At the same time, what we believe is the journey on and route to that goal is even more important because it’s about who you’re becoming on the way to that goal. Such that when you arrive at the goal, you’re a changed person. It’s not like the goal changes you. You become changed on the way to experiencing that goal.
It’s that idea that brings the goal to us or reveals the goal to us naturally because natural laws would let us know that what we want is already in our lives. We can’t see it. That’s one of the most frustrating things about emotional dysregulation, especially when people are learning the natural laws. They know what they want is there, but somewhere they can’t see it. Anyway, the goal reveals itself as we do the work, and then it feels almost like magic.
I also like to use this analogy of driving cross country. That’s an analogy that a lot of people use in these kinds of things and how does it relate to emotional dysregulation with what you’re talking about too. We live on the East Coast and say we want to go to California, so that’s our goal. Our goal is to get to California.
We point the car in that direction en route to our goal then we’re driving together. Somewhere around Cleveland, we get a lot of traffic and there’s construction. We start to argue and the Google Maps goes down. We both get emotionally dysregulated and I take the wrong exit and then pretty soon, we’re on our way to Florida and not California anymore.
A lot of time, I see that’s how emotional dysregulation shows up. It’s like all of a sudden, it shows up, becomes dysregulated and we make a choice that doesn’t get us closer to California. It puts us on a side track and we’re going in a different direction, then halfway through Louisiana, we’re like, “We’re supposed to be going to California. What are we doing down here?”
You’re going around. Do you remember that trip? We were in Canada and we couldn’t read the signs. We were going around, but emotional dysregulation can feel like that, too. This person we’re talking about, Amanda, comes for somatic coaching and there are some hallmark signs that she’s probably dealing with emotional dysregulation. Anger is one of them, Brian. By the way, she probably doesn’t want to feel angry.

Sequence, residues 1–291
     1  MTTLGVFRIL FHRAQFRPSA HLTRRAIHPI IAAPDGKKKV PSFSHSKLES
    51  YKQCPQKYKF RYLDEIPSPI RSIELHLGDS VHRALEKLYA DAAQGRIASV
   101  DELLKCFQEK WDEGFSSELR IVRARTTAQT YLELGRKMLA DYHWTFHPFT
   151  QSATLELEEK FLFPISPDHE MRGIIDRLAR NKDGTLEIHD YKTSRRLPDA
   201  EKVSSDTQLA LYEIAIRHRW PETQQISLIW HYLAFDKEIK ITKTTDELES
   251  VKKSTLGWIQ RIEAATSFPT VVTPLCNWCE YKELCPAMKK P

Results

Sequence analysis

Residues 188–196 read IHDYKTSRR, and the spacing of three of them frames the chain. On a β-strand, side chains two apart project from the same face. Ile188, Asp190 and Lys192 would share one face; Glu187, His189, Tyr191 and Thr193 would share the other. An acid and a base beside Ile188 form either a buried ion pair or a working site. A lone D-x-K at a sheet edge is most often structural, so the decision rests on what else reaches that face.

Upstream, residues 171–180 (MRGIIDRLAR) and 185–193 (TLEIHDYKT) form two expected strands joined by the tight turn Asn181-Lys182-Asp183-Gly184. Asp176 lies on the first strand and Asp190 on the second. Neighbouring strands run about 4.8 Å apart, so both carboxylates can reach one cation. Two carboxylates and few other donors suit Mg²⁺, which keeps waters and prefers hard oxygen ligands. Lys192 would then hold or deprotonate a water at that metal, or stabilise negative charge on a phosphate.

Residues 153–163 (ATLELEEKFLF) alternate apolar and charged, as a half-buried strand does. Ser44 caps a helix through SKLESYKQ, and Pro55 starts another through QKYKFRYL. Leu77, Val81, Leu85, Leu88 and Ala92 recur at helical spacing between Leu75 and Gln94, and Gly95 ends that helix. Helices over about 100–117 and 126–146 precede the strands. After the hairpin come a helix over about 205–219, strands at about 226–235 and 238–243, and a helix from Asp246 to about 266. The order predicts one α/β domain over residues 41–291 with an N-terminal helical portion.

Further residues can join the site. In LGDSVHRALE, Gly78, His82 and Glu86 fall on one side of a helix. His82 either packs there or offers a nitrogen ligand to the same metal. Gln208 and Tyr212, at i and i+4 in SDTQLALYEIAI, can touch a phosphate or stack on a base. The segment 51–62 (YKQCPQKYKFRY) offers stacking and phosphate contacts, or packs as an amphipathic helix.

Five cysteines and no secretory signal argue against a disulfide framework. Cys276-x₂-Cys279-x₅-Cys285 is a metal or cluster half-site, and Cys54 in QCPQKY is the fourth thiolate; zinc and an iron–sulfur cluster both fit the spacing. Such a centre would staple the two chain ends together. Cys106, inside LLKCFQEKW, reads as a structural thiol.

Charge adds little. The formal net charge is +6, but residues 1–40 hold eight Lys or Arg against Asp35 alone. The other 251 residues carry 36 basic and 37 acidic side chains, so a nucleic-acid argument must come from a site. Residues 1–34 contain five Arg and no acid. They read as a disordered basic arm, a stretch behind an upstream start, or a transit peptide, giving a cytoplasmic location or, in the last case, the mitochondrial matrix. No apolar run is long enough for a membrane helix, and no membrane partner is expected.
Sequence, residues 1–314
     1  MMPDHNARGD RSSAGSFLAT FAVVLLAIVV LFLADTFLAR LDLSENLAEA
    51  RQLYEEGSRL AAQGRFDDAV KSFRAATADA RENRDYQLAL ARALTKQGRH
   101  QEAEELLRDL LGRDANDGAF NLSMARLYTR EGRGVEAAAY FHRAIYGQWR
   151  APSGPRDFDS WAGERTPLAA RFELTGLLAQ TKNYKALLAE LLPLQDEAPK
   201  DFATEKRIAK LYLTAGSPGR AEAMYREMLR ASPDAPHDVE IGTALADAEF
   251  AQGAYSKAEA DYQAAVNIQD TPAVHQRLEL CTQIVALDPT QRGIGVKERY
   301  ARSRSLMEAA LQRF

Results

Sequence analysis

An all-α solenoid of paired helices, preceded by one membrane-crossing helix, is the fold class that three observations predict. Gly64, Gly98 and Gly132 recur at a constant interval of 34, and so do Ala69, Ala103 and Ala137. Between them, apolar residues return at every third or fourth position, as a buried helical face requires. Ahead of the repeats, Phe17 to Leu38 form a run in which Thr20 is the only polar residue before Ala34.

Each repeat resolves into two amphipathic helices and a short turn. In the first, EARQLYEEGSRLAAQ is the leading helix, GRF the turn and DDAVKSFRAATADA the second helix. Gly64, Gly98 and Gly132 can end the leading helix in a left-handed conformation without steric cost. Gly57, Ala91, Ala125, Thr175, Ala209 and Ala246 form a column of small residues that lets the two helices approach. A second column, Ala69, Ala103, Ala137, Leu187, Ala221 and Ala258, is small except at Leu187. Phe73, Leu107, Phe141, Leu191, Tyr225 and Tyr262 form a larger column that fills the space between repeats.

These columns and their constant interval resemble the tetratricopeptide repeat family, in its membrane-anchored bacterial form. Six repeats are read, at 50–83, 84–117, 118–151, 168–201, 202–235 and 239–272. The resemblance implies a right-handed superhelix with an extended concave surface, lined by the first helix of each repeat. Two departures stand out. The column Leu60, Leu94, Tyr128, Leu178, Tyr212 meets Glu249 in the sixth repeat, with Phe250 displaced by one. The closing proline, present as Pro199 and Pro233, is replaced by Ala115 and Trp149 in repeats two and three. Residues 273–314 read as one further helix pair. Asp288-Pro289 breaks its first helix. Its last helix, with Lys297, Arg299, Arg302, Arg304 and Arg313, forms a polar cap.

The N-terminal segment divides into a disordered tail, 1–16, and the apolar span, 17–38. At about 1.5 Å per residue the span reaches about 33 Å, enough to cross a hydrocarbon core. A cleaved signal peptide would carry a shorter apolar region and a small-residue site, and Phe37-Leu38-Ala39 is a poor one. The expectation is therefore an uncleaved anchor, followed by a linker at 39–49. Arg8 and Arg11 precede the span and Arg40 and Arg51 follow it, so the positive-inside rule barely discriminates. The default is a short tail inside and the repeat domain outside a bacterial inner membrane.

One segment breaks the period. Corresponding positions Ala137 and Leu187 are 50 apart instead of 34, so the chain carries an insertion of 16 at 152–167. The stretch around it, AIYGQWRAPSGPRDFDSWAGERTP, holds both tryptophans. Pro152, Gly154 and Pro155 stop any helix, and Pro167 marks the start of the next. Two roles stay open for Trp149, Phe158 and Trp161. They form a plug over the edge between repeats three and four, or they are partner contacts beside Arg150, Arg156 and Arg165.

I’m getting angry with my team, my family and that’s not how I want to be, but they’re driving me crazy. There’s that not getting what we want. There’s also this shutdown that can happen where we get confused or we get frozen, depleted, blank or I don’t know what to do kind of thing that happens. What are the other kinds of emotions that show up? Sometimes, it’s rage or grief. Sometimes, it’s like a massive amount of grief that comes up, but a lot of times, it’s that anger that shuts down.
It’s that in combination. It’s like the angry outburst is then followed by intense personal shame around having the angry outburst. We have this huge explosion of anger and then we shut down because we feel ashamed about what we did or our behavior around that.
Projection is another large one.
One of the interesting things about projection is we think that we are, I’m going to say, justified. We think that the reality that we see about what’s going on is the reality and the other person. It disallows us from having any opportunity to do something because it’s very disempowering. It’s in somebody else’s hands. Amanda comes for somatic coaching. She’s leading a team and jammed up. She’s not getting what she wants in her business and in her personal life. She is angry with her team all the time. She doesn’t want to be reactive, but she is. Brian, what’s going on in the nervous system? What is dysregulation?
Let’s talk about emotional dysregulation and nervous system deregulation. What’s happening when someone has an emotion is that if you want to deconstruct that a little bit, they’re in sensory overload. We talk about nervous system dysregulation. We’re talking about sensory dysregulation. A lot of this work comes from the window of tolerance model, where there’s an optimal window of regulation or what we call nervous system arousal in the middle and then there’s hyperarousal above that window where we feel activated.
In other words, there’s a lot of like foot on the gas. Fight or flight’s happening. Lots of cognitive disorganization but also a lot of hypervigilance and activation. Below the optimal window of arousal is what we call hypo-arousal. This is that shutdown response or, for some people, the immobility response, where we’re experiencing more like cognitive shutdown, like slow movements, confusion, and lethargy.
On either side of this optimal window of regulation, we have dysregulation above or below that window. We could certainly throw some emotions into those things. I would say anger is a hyper dysregulation or hyperarousal, whereas depression and shame would be hypoarousal. They’re going to be below. If you think about it, there are no sensors in your body that pick up emotions from the environment. They pick up interoceptive senses.